whose tastes were congenial, whose incomes were insufficient,

 people involved | time:2023-12-06 05:04:34

The illness of the party continued for several days, and not much progress was made down-stream. Having camped, on the twenty-seventh of September, in the Kooskooskee River, at a place where plenty of good timber was found, preparations for building five canoes were begun. From this time to the fifth of October, all the men capable of labor were employed in preparing the canoes. The health of the party gradually recruited, though they still suffered severely from want of food; and, as the hunters had but little success in procuring game, they were obliged on the second to kill one of their horses. Indians from different quarters frequently visited them, but all that could be obtained from them was a little fish and some dried roots. This diet was not only unnutritious, but in many cases it caused dysentery and nausea.

whose tastes were congenial, whose incomes were insufficient,

The early days of October were spent in making preparations for the descent of the river,--the Kooskooskee. Here they made their canoes, and they called their stopping-place Canoe Camp. This was at the junction of the north fork of the river with the main stream; and all below that point is called the Lower Kooskooskee, while that above is known as the upper river. The latitude of the camp, according to the journal of the explorers, was 46'0 34' 56" north. Here they buried in a cache their saddles, horse-gear, and a small supply of powder and musket balls for possible emergencies. The Kooskooskee, it should be borne in mind, is now better known as the Clearwater; it empties into the Snake River, and that into the Columbia. As far as the explorers knew the water-course down which they were to navigate, they called it Clark's River, in honor of Captain Clark. But modern geographers have displaced the name of that eminent explorer and map-maker and have divided the stream, or streams, with other nomenclature.

whose tastes were congenial, whose incomes were insufficient,

On the eighth of October the party set out on their long water journey in five canoes, one of which was a small craft intended to go on ahead and pilot the way (which, of course, was unknown) for the four larger ones, in which travelled the main party with their luggage. They met with disaster very soon after their start, one of the canoes having struck a rock, which made a hole in its side and caused the sinking of the craft. Fortunately, no lives were lost, but the voyage was interrupted. The party went ashore and did not resume their journey until their luggage was dried and the canoe repaired. On the ninth, says the journal:--

whose tastes were congenial, whose incomes were insufficient,

"The morning was as usual cool; but as the weather both yesterday and to-day was cloudy, our merchandise dried but slowly. The boat, though much injured, was repaired by ten o'clock so as to be perfectly fit for service; but we were obliged to remain during the day till the articles were sufficiently dry to be reloaded. The interval we employed in purchasing fish for the voyage, and conversing with the Indians. In the afternoon we were surprised at hearing that our old Shoshonee guide and his son had left us and had been seen running up the river several miles above. As he had never given any notice of his intention, nor had even received his pay for guiding us, we could not imagine the cause of his desertion; nor did he ever return to explain his conduct. We requested the chief to send a horseman after him to request that he would return and receive what we owed him. From this, however, he dissuaded us, and said very frankly that his nation, the Chopunnish, would take from the old man any presents that he might have on passing their camp. The Indians came about our camp at night, and were very gay and good-humored with the men. Among other exhibitions was that of a squaw who appeared to be crazy. She sang in a wild, incoherent manner, and offered to the spectators all the little articles she possessed, scarifying herself in a horrid manner if anyone refused her present. She seemed to be an object of pity among the Indians, who suffered her to do as she pleased without interruption."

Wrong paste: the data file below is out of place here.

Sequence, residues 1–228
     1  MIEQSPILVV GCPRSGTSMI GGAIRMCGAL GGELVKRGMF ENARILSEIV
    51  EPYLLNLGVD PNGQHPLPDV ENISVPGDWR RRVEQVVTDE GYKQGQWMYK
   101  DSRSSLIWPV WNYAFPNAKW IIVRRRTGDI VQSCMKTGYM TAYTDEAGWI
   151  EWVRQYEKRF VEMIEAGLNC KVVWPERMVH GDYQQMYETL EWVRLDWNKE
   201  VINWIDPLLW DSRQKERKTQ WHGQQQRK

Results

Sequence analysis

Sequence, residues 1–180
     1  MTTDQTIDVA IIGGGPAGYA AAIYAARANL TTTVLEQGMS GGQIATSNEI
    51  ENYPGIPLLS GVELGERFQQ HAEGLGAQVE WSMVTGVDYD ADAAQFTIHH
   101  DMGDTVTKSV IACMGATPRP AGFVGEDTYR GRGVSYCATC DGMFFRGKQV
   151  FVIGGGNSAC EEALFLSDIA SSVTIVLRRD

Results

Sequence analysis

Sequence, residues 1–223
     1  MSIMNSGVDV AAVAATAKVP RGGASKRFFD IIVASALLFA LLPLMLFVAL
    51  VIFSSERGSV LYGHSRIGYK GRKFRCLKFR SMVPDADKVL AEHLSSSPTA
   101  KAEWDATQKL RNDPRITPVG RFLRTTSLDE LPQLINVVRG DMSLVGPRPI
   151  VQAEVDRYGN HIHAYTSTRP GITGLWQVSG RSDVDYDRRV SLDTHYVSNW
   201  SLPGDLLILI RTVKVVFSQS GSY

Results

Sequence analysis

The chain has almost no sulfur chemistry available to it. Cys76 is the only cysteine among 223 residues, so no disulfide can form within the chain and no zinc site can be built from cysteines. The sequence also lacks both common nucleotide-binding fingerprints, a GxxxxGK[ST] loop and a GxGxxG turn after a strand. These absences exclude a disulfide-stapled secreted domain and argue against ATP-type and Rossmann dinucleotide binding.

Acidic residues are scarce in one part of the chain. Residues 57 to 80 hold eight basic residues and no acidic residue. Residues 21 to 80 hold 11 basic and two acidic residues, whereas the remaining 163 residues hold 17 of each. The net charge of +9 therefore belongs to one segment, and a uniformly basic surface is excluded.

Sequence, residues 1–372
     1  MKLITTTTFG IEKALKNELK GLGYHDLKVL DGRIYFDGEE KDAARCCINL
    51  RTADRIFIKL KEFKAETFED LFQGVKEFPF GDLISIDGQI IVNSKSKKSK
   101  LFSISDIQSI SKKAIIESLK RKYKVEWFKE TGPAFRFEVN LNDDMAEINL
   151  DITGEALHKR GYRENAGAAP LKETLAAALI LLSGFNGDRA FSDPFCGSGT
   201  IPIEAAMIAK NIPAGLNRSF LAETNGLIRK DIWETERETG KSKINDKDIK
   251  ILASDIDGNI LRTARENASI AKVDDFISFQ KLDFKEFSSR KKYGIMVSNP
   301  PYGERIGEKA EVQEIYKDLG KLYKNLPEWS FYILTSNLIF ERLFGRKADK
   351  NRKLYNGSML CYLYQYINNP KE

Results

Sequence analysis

The river was full of rapids and very dangerous rocks and reefs, and the voyagers were able to make only twenty miles a day for some distance along the stream. At the confluence of the Kooskooskee and the Snake River they camped for the night, near the present site of Lewiston, Idaho. This city, first settled in May, 1861, and incorporated in 1863, was named for Captain Lewis of our expedition. From this point the party crossed over into the present State of Washington. Of their experience at their camp here the journal says:--

"Our arrival soon attracted the attention of the Indians, who flocked in all directions to see us. In the evening the Indian from the falls, whom we had seen at Rugged rapid, joined us with his son in a small canoe, and insisted on accompanying us to the falls. Being again reduced to fish and roots, we made an experiment to vary our food by purchasing a few dogs, and after having been accustomed to horse-flesh, felt no disrelish for this new dish. The Chopunnish have great numbers of dogs, which they employ for domestic purposes, but never eat; and our using the flesh of that animal soon brought us into ridicule as dog-eaters."

When Fremont and his men crossed the continent to California, in 1842, they ate the flesh of that species of marmot which we know as the prairie-dog. Long afterwards, when Fremont was a candidate for the office of President of the United States, this fact was recalled to the minds of men, and the famous explorer was denounced as "a dog-eater."

The journal of the explorers gives this interesting account of the Indians among whom they now found themselves:--

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